Peptide Bond: Definition, Formation & Structure
Peptide bonds are the key linkages found in proteins. These bonds connect amino acids and provide one of the key foundations for protein structure. This article discusses peptide bonds, their formation, and their structure.
We also recommend watching Lewis Structures: Single, Double & Triple Bonds and Covalent Bonds: Predicting Bond Polarity and Ionic Character
Proteins are a class of macromolecules (large molecules) that are important in biological systems. Almost all of the components of an organism will contain one or more types of protein in order to function properly. Your hair, for example, contains keratin, which is a protein used to make each strand. Your skin, likewise, contains proteins such as collagen, which is used to allow stretching. In addition to this, many of the biological systems require proteins for biochemical processes. For example, in muscle, proteins are responsible for contraction and energy usage. In the stomach, protein enzymes , which are biological catalysts, speed up the process of food digestion. In essence, proteins are vital for survival.
Proteins are formed from amino acids, which are the building blocks for this particular macromolecule. Amino acids are joined together in a process known as polymerization, which is where large molecules are produced by combining smaller units. Polymerization is achieved by the formation of special bonds known as peptide bonds.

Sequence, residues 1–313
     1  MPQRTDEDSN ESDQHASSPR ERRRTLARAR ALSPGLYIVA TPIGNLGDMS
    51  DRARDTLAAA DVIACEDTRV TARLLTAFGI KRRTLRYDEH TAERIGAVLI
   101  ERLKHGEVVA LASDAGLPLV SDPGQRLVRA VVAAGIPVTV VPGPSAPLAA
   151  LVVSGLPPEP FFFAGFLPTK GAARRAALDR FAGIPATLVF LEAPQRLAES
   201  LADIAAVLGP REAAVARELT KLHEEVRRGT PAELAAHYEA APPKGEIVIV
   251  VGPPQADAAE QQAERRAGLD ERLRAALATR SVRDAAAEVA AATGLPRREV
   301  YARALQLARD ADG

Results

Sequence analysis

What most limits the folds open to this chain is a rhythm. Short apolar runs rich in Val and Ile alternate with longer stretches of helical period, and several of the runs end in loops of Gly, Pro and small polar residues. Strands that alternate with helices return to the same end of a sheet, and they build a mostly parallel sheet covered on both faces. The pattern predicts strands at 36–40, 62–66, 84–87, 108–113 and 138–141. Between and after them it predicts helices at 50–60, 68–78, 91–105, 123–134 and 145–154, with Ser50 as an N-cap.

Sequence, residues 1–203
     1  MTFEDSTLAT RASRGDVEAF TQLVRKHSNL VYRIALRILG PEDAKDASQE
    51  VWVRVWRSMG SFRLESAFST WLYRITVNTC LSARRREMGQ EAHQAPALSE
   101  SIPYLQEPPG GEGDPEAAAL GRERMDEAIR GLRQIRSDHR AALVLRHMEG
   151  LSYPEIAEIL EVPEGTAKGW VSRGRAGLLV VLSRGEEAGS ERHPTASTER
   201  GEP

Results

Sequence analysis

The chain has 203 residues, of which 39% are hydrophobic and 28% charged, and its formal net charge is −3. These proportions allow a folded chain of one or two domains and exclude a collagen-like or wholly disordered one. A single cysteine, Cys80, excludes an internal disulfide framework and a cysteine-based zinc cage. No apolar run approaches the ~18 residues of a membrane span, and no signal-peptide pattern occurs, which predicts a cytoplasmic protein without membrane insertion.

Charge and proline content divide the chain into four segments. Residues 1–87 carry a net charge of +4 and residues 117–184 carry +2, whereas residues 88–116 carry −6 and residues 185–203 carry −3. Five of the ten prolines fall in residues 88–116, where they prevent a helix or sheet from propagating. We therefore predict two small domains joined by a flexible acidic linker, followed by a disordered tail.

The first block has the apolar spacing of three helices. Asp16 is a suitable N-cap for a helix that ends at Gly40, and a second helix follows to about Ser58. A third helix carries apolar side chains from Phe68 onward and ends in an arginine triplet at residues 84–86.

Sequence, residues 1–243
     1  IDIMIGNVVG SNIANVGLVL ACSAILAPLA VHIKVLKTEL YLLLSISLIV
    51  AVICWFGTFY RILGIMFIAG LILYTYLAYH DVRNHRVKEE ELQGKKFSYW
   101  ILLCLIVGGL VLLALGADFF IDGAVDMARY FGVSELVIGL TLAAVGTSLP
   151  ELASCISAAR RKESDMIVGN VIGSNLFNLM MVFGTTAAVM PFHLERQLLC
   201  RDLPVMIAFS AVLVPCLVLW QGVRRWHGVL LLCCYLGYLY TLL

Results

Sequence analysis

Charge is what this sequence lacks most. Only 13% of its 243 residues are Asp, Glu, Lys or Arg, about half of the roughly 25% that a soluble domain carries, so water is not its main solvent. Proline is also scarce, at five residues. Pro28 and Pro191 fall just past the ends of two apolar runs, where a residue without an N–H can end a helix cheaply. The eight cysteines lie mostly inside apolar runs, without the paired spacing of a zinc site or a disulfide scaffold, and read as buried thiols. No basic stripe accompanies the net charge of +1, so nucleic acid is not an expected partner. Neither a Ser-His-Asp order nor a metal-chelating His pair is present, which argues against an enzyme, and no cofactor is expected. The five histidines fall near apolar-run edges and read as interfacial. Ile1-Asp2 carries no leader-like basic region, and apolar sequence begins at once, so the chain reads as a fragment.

Key Components of Amino Acids
Every amino acid will have two key chemical groups: an amine group and a carboxyl group. Amine groups are composed of one nitrogen and two hydrogen atoms (-NH2). Carboxyl groups contain one carbon double bonded to an oxygen and single bonded to a hydroxyl (-OH) group. These two groups form the foundation of for peptide bonds, and are seen in the generic amino acid shown below.
Peptide Bond Formation
Peptide bonds form through a process known as dehydration synthesis. In dehydration synthesis, a chemical bond is formed through the loss of a water molecule. When two amino acids bond, the nitrogen of one amine group will bond to the carbon of the other amino acids carboxyl group. In the process, the amine group will lose a hydrogen atom, while the carboxyl group will lose an -OH. This process is endergonic, which means that energy is required to make this bond and will be stored here until the bond is broken.
Proteins are formed from amino acids, and the bond that connects them is called a peptide bond. Peptide bonds are formed between the amine group of one amino acid and the carboxyl group of another. In the process, water is removed and the resulting bond stores energy until broken.
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